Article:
And I’ve found that this red question mark is useful for far more than just research issues. The great film editor Walter Murch talks about leaving “a residue of unresolved problems for the next stage” of any creative project, both because it keeps the process interesting and because the version of yourself who confronts the problem will be better equipped to deal with it. Writing a novel is essentially an extended collaboration between your past, present, and future selves, with the process stretching across many months or years. It’s unreasonable to expect that your present self will have all the answers, and in fact, your future self will probably know more than you do now, once you’ve invested more time into the project. (That’s why I always advise writers to finish a complete first draft before going back to revise: an issue that seems insurmountable in Chapter 1 may have an obvious solution in Chapter 20, but only if you’ve written the intervening eighteen chapters first.) All that matters is that you get something down, even if you suspect that you’ll need to change it later. It can’t be postponed forever, of course. But it often helps to postpone it for just long enough.

Written by nevalalee

February 4, 2014 at 9:50 am

Walter Mosley and the red question mark

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For the last word on research, I’ll turn things over to Walter Mosley, author of Devil in a Blue Dress, who isn’t necessarily known for his research skills—as he puts it, “I write books about places I’ve been and people I like to think I understand”—but who has, you’ll probably agree, done pretty well for himself. In This Year You Write Your Novel, Mosley says:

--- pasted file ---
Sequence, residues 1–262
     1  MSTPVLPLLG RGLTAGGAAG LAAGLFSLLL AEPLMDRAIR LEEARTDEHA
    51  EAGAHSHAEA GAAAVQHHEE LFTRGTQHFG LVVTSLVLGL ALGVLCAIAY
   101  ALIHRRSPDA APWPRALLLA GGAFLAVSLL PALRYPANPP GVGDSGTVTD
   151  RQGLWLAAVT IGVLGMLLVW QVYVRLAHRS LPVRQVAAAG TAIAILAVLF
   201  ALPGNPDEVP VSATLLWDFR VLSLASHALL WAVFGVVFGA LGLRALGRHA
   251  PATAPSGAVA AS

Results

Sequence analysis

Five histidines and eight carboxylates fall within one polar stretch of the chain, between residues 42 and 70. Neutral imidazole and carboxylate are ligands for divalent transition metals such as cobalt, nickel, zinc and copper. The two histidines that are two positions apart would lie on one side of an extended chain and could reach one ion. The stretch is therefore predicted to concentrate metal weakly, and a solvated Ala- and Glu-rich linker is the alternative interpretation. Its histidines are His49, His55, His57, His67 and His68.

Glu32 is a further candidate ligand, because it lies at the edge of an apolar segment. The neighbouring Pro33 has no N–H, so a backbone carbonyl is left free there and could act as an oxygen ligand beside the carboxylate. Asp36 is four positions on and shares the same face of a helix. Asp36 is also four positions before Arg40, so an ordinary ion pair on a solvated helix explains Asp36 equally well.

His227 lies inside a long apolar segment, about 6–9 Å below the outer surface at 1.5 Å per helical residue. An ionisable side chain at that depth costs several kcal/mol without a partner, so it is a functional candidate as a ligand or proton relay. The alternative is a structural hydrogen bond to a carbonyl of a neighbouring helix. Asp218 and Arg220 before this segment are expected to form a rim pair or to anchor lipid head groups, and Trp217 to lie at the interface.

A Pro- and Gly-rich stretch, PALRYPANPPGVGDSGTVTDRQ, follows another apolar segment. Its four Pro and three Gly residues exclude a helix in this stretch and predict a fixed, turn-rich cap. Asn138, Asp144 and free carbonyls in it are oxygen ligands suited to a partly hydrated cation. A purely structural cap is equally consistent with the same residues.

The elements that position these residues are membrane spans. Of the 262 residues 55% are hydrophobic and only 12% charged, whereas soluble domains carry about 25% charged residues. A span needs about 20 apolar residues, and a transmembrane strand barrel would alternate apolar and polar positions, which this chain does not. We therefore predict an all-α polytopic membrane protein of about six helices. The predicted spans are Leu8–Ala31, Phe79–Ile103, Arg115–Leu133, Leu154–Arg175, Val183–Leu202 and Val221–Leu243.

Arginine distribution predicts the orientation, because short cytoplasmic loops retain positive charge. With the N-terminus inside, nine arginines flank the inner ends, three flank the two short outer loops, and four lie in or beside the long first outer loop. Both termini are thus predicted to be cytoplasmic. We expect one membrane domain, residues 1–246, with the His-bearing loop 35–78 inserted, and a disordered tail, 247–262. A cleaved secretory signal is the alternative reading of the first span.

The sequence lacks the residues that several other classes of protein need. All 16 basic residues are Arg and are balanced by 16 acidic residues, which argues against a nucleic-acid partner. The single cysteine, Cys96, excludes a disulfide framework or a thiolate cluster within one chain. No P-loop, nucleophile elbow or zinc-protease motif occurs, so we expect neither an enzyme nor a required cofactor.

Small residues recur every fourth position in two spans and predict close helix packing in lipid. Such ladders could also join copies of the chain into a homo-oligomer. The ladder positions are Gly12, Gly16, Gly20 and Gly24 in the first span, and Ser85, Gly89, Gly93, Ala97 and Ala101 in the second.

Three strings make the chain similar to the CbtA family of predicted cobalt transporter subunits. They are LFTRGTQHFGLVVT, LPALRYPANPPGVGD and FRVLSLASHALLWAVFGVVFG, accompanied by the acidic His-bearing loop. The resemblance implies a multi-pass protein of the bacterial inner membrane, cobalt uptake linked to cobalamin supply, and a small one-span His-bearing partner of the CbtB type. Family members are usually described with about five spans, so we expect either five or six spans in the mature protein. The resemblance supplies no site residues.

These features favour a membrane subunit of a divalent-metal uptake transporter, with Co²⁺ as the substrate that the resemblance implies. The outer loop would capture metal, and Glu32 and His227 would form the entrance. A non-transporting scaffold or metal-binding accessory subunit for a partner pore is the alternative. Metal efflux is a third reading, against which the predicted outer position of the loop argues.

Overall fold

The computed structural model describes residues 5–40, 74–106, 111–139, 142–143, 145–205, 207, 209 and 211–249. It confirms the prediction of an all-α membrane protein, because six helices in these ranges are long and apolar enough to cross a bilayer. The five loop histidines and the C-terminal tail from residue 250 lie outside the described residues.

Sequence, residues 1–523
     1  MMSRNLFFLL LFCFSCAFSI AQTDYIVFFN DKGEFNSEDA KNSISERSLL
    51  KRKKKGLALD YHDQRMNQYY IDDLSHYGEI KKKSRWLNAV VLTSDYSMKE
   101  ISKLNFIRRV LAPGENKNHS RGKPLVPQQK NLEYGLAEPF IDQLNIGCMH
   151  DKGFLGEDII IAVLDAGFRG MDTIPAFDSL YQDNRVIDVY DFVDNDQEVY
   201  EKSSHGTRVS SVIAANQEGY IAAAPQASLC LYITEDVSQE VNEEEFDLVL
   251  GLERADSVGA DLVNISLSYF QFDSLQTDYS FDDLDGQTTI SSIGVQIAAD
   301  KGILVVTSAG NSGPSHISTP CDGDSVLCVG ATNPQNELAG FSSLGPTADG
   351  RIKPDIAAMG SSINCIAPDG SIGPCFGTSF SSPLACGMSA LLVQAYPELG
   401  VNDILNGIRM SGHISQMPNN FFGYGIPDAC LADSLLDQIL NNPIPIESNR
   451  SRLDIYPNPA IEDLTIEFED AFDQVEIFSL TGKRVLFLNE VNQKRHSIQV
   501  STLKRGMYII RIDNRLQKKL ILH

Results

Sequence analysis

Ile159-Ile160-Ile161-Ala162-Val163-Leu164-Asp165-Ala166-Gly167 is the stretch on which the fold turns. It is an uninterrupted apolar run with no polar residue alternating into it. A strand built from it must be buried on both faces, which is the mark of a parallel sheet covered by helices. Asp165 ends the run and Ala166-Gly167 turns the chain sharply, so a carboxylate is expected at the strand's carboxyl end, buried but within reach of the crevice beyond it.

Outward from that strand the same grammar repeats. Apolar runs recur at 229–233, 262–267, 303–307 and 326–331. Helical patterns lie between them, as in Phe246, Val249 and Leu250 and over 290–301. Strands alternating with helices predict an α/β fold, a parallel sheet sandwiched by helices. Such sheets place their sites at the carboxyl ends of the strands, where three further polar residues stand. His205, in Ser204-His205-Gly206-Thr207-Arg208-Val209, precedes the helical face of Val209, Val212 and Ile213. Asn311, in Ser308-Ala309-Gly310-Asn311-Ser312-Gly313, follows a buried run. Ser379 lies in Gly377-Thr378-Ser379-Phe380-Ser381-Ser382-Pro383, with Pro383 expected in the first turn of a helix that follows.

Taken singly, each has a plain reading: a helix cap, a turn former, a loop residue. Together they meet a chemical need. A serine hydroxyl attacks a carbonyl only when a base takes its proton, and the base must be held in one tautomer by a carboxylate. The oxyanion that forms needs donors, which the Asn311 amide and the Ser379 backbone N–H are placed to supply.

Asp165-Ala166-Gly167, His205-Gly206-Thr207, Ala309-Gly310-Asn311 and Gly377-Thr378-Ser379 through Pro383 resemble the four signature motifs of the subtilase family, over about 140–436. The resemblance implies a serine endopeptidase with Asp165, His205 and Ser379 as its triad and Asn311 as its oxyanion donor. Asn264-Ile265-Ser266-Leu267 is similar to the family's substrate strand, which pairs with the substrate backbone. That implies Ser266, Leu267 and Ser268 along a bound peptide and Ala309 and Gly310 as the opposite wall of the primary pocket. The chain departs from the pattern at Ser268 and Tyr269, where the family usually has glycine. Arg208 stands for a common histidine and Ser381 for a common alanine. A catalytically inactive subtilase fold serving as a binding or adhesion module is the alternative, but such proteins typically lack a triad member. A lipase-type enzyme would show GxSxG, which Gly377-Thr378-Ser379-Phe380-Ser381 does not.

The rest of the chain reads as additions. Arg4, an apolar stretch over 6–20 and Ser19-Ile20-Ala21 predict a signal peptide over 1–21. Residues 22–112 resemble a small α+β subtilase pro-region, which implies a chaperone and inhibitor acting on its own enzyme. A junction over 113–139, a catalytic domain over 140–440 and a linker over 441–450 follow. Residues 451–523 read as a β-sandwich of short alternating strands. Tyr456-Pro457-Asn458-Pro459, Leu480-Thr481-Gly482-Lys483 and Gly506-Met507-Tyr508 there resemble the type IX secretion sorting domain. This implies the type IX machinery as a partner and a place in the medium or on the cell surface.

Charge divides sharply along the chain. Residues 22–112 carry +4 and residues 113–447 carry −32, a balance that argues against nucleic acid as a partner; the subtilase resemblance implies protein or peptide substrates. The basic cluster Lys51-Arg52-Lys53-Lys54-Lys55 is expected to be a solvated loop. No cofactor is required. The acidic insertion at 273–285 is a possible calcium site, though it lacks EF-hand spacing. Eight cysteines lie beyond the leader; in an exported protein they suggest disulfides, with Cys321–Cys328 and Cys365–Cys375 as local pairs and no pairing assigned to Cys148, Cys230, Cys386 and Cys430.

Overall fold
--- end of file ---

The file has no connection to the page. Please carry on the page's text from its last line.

There will be moments when you will want to dally over details. Do Georgia geese fly south in April or June? Is it physically possible for Bob Millar to hear the cult leader yelling from a mile away—even in a desert? Would the police arrest Trip if the women were allowed into the bar and were served by the owner?

All of these questions are valid. Before the book gets into print, you should have the answers. But many writers allow questions like these to help them procrastinate. They tell themselves that they can’t go on until these questions are answered.

Nonsense. Put a red question mark next to the place where you have questions and get back to it later. [Italics mine.]

Don’t estimate the power of that red question mark—or of saving a problem for later. Once you’ve moved on, time has a funny way of resolving plot problems that seemed insurmountable. And like Napoleon, who always waited a week before responding to any letters, you may find that by the time you get around to the problem, it has already taken care of itself.

Written by nevalalee

February 4, 2011 at 8:15 am